However, the sheer daring, vivacity and lustre of these poems as they have taken shape in Muldoon's sensitive and careful renderings make it clear that, whatever the naysayers aver about translation, The Fifty Minute Mermaid is worth its weight in gold. Not only does this volume directly address the pain of the fracture that is characteristic of Ireland's linguistic environment where English is privileged and Irish virtually disowned (Although this state of affairs is beginning to show some signs of shifting, a fact due, in part, to Ní Dhomhnaill and others like her). It also directly addresses the painful problems surrounding the sexual abuse of children by Catholic clergy, and the complacency, even the conspiratorial aid that allowed such abuse to continue unchallenged up until recent times. A further important theme is the pain a child suffers at the hands of abusive or mentally unstable parents. All of this is done in a series of poems whose imaginative sheen and metaphorical nuances produce both a hypnotic effect and an enduring impression of wonder for the reader.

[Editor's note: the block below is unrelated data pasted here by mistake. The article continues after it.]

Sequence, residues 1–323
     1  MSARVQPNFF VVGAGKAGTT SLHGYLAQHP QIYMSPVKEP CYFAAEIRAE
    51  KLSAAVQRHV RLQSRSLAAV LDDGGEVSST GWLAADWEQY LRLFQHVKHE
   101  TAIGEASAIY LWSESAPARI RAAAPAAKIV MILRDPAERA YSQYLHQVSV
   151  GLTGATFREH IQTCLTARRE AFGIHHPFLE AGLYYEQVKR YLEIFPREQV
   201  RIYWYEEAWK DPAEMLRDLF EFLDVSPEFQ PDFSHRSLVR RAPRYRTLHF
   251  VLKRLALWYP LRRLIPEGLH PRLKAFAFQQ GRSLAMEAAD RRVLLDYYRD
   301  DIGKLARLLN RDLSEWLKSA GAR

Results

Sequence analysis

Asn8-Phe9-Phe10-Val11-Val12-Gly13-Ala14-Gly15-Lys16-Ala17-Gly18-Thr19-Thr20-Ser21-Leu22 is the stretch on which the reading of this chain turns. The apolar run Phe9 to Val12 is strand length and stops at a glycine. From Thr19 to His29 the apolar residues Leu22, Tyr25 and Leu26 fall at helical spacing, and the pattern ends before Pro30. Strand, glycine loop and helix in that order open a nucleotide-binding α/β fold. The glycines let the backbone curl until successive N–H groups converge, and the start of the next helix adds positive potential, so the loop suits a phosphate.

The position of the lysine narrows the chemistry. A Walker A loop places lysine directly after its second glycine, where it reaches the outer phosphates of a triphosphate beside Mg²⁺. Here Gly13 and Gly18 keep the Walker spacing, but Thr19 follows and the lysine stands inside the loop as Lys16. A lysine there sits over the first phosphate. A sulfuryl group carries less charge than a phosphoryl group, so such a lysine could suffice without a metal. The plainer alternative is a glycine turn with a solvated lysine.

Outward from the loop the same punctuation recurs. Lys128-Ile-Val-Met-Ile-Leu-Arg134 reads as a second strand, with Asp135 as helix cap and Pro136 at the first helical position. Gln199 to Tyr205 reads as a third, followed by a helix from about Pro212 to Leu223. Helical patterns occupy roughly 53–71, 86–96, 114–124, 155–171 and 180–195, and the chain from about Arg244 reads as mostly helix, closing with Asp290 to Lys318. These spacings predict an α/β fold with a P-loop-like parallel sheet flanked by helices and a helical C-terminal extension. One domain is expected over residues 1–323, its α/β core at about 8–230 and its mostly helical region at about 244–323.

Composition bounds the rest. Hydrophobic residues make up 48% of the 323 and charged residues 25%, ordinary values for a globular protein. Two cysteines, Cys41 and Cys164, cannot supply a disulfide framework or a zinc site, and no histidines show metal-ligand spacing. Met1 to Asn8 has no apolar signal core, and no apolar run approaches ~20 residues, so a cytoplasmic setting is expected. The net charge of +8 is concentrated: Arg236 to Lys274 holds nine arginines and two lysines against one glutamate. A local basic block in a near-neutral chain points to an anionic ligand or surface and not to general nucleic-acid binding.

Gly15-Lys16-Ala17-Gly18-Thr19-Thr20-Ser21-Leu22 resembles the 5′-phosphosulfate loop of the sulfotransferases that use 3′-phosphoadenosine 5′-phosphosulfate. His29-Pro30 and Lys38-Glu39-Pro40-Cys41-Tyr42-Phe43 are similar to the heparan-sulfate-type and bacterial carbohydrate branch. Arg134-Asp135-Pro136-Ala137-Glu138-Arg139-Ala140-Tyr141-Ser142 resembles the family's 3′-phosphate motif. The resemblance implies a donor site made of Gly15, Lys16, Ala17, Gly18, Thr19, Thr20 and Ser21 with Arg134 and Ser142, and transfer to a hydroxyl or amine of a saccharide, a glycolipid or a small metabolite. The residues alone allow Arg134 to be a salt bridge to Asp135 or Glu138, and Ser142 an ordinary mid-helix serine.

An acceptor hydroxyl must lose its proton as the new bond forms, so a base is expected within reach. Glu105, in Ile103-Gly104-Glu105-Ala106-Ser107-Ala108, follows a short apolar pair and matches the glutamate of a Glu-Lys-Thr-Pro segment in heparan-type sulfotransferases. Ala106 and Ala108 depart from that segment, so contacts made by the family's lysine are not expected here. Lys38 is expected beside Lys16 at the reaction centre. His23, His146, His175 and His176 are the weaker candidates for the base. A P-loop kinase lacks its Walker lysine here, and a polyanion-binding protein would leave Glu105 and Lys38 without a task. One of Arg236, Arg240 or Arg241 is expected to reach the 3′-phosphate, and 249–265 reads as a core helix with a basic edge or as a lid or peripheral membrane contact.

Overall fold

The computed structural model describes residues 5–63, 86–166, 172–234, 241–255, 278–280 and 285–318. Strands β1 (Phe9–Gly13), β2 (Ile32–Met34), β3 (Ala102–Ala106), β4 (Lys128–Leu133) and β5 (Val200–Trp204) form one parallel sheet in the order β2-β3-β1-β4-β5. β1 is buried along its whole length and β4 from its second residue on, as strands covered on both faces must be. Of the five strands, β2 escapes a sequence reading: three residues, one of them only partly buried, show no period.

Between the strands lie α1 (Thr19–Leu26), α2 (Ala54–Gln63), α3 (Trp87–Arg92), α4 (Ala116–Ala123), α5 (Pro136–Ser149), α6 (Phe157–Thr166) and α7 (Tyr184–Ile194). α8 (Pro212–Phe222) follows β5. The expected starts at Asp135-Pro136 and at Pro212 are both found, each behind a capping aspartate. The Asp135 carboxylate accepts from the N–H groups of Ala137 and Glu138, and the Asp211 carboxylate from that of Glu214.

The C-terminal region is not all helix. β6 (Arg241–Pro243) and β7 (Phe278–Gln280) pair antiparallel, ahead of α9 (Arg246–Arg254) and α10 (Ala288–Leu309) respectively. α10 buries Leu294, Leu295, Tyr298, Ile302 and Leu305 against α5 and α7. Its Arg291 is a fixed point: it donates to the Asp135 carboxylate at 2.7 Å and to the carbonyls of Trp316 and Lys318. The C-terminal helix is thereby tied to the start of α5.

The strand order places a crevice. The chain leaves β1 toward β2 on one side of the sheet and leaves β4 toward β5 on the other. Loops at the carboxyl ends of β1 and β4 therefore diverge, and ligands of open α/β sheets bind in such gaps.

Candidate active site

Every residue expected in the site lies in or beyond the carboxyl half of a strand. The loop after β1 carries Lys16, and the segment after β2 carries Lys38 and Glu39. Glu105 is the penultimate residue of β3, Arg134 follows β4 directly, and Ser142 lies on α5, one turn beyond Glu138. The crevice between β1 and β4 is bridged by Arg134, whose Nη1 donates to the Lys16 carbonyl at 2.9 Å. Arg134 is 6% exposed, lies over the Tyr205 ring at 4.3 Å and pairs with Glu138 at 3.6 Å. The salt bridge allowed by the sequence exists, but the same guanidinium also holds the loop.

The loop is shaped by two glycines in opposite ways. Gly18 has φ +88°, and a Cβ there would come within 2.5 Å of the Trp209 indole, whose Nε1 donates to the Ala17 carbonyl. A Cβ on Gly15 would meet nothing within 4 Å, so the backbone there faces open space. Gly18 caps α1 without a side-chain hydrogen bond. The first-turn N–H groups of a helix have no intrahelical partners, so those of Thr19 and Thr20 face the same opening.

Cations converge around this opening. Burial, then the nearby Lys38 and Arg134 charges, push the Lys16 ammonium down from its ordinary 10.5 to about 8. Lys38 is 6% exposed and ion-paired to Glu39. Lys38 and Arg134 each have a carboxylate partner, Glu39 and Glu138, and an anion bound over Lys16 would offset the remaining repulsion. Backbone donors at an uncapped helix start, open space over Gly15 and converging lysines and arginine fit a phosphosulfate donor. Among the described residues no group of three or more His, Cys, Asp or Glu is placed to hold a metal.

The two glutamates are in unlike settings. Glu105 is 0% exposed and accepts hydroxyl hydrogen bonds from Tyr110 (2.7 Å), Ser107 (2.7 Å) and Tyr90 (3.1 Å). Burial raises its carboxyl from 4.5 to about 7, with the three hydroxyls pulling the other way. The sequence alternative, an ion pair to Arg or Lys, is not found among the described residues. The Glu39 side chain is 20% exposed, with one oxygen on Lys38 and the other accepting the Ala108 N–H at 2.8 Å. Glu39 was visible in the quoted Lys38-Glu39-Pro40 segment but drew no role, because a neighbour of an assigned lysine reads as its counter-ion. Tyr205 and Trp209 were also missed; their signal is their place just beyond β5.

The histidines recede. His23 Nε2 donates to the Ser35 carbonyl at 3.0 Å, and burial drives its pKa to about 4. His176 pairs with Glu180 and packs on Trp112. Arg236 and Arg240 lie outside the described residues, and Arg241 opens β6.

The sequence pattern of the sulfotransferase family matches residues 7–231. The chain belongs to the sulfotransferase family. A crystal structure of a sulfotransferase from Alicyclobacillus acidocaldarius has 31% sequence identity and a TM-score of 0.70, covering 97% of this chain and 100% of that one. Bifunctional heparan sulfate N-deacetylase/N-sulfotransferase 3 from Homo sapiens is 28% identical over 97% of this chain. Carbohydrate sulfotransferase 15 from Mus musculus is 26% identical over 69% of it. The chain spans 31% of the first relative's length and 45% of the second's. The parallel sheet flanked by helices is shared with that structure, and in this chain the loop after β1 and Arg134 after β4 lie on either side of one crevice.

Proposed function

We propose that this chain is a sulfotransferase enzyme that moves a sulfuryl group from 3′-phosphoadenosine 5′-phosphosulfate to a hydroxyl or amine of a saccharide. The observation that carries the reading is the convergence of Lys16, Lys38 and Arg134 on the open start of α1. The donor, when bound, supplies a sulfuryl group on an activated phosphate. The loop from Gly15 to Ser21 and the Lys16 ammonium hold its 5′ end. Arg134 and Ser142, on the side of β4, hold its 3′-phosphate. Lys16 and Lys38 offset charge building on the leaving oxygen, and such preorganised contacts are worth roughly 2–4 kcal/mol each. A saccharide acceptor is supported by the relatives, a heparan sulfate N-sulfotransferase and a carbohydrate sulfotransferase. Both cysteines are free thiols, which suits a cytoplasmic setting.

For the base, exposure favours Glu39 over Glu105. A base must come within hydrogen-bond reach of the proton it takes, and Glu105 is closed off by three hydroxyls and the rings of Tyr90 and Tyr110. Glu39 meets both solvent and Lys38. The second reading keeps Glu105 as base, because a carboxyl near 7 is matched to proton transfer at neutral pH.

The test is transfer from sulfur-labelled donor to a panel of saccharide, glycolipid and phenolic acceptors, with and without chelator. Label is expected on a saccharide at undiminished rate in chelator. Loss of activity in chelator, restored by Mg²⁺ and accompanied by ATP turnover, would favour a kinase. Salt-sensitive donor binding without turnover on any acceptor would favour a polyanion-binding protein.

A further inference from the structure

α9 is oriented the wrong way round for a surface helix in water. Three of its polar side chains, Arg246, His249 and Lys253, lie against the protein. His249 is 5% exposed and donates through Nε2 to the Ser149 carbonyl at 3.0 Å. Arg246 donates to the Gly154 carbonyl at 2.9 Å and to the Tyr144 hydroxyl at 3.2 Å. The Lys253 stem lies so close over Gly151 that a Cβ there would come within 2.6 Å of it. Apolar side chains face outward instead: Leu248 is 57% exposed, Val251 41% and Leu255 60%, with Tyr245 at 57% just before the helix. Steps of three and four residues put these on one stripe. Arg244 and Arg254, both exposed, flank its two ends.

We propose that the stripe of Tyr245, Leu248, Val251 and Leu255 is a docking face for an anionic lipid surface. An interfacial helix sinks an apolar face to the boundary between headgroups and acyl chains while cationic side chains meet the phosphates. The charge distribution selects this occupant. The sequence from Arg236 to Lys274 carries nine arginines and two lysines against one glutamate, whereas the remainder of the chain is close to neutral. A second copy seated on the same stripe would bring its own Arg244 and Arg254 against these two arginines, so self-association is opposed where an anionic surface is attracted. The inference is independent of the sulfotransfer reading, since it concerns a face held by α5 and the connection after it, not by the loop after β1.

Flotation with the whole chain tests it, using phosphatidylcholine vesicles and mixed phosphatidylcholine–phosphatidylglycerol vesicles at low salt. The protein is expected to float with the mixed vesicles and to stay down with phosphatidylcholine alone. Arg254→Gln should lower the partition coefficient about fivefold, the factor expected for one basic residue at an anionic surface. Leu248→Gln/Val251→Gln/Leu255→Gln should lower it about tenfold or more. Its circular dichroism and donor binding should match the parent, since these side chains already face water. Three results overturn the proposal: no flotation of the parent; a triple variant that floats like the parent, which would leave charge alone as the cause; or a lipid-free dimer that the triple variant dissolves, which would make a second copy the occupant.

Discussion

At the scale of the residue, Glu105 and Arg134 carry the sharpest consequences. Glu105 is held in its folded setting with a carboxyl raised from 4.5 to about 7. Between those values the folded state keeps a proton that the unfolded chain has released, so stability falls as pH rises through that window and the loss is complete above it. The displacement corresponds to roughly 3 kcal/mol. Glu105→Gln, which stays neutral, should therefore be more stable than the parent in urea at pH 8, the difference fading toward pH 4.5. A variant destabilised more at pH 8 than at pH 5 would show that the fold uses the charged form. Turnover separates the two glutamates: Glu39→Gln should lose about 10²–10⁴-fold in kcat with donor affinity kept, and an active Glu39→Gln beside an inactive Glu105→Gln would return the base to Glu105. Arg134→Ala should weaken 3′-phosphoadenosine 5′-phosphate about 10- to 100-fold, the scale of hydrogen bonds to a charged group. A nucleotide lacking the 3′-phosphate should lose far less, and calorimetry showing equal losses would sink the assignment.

Using the technique of the invented character, something Ní Dhomhnaill says she learned from John Berryman's Dream Songs, she allows the mermaid to suffer through potent, aesthetically charged poetic manoeuvres in an effort to describe the mermaid's fragmentation, repression and even psychosis. What is so striking in Ní Dhomhnaill's oeuvre, and especially in her work with "an mhurúch" (the mermaid), is that with this technique she holds so many threads in tension while weaving in multiple and engaging dimensions to them. Ní Dhomhnaill's own personal experiences, the ancient folkloric theme of the sea people, the problem of language loss and deracination, the psychic disturbances caused by (often necessary) repression and denial of trauma and, finally, the more global implication of the volume as a whole: that, as Ní Dhomhnaill has stated, there is no Ithaca to return to, no Eden to re-enter, are all explored. Ní Dhomhnaill's volume confronts us with the stark reality that we are out of balance living in a society that is not meeting our needs and the only re-entry we experience is into our own subconscious material--itself a delicate operation that has been done in the past century with the help of the psychoanalyst during the precious few fifty minutes of the therapy session.